There has always been a realm of movies where there is a tacit understanding that its inhabitants will not cross borders. Last weekend, local productions topped box-office charts in Italy, South Korea, France, China, Thailand, Denmark and Poland. The likelihood of any of these crossing oceans and finding welcoming cineastes is probably remote.
Three of the films are straight-out sequels, two trade on prior successes and one is an adaptation of a classic novel that has already been made as a mini-series.
China's Getting Home is a wistful road movie about a man who agrees to take the body of a friend back to his village for burial. The film has the flavour of Waking Ned and its enthusiastic embrace at home is almost at a level associated with historical adventures such as last month's Curse Of The Golden Flower.
Culturally specific films
Historical pageants, as opposed to dramas or comedies set in a bygone era, rarely have an emotional punch for those unschooled in a particular culture and that may be the case for Thailand's The Legend Of King Naresuan I: Pegu's Hostage, from the same team that made the sumptuous Suriyothai. The earlier film was acquired by Francis Coppola and received limited international exposure. The new film centres on a 16th century ruler who fought for the nation's independence.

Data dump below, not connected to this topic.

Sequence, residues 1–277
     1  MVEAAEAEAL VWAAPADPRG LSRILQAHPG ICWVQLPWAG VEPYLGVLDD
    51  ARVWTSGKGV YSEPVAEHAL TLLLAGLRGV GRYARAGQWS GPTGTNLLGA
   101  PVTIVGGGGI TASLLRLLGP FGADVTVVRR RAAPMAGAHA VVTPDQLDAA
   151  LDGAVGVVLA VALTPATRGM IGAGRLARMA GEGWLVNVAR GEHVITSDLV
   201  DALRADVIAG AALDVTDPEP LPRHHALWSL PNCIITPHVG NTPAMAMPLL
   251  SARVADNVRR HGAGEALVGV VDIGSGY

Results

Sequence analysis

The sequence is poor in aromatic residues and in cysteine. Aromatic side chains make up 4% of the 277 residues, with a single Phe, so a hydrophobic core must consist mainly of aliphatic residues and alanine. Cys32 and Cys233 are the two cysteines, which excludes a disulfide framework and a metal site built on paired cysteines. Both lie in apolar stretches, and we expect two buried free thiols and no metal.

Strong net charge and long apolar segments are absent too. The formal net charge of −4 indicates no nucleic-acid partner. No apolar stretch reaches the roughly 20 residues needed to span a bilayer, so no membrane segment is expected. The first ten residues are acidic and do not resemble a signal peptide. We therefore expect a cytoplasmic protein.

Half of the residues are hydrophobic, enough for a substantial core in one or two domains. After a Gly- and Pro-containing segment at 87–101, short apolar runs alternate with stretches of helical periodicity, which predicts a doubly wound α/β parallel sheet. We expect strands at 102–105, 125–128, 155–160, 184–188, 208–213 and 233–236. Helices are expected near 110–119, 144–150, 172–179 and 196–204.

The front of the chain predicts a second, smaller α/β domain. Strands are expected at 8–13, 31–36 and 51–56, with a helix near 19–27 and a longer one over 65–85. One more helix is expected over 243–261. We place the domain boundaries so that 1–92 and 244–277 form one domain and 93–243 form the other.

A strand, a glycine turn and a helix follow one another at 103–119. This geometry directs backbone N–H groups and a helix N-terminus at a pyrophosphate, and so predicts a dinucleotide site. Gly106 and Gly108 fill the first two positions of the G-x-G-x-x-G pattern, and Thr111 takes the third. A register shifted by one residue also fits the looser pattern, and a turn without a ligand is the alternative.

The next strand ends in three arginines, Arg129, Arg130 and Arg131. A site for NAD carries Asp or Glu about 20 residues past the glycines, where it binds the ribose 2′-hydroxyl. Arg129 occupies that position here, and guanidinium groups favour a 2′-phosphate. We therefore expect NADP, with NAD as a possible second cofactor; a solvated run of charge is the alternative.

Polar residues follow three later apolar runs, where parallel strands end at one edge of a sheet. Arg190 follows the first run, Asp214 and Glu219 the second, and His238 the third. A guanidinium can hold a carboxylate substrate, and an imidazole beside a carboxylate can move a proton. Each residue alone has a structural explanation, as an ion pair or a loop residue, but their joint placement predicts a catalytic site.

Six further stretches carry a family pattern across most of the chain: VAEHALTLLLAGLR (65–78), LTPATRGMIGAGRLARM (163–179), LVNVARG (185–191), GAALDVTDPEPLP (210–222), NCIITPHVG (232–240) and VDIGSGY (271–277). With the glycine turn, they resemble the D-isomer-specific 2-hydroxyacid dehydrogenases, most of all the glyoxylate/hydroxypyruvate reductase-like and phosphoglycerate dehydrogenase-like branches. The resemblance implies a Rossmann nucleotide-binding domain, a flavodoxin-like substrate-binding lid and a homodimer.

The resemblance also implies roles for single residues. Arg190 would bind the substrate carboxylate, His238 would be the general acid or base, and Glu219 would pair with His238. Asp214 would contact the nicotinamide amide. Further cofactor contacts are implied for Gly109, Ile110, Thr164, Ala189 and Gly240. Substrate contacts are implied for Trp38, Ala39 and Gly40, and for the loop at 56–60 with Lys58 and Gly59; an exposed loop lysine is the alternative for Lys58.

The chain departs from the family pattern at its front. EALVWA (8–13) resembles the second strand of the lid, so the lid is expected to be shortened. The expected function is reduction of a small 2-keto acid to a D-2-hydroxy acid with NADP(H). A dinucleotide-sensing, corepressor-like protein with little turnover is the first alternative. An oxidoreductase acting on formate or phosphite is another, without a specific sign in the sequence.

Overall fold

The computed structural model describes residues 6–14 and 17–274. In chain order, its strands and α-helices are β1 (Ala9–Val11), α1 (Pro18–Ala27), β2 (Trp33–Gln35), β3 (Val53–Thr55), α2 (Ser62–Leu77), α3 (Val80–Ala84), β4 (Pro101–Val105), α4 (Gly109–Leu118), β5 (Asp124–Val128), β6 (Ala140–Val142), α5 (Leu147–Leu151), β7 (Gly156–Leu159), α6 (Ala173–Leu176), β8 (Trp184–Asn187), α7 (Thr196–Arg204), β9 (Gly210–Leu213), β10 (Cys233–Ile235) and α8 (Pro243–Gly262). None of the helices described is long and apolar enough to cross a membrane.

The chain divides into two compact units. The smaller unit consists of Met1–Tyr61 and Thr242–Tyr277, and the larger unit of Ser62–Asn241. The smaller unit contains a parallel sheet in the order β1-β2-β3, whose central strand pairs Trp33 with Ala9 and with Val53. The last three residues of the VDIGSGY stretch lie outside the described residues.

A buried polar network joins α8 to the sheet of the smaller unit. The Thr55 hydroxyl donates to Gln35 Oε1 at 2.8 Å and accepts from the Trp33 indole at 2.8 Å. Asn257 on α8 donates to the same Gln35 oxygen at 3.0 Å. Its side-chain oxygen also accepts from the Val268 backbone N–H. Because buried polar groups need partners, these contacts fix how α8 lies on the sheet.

In France, Jacquou Le Croquant is a cross between Jean De Florette and Les Miserables - the saga of a young man who seeks retribution after his family is killed in Napoleonic France. Based on a turn-of-the-century novel, its foreign appeal is certainly limited by the obscurity of its source material.
Dlaczego Nie! is a Polish romantic comedy that roughly translates as, "Why not'" Its film-maker has specialised in the genre and his previous two films were big hits. Neither of the earlier movies had significant exposure beyond slotting in touring Polish Film Weeks.
The top films in Italy, South Korea and Denmark were all sequels and only Manuale D'Amore 2's predecessor had success in other parts of Europe. The original was an omnibus of four love stories and the sequel also opts for a quartet of romances connected chiefly by emotion.
Korea's Mapado 2 continues the story of eccentric islanders that began two years ago with Welcome To Mapado. The original was the country's Oscar submission and though it failed to make the final five, its offbeat humour and performances were warmly received. Yet the picture had no real distribution outside the peninsula.
The final sequel is the fourth film in Denmark's Anja And Viktor series that began in 2001 when the title characters were high-school sweethearts, and which have never really been seen outside Scandinavia.
The point to be made is that there are probably at least a couple of films among the recent popular international releases that sound intriguing and worth catching at the multiplex. However, that is rarely an option and the reasons for that situation are complicated, contrary and probably in the worst interests of global distribution. To be continued ...
- E-mail Len Klady at firstname.lastname@example.org.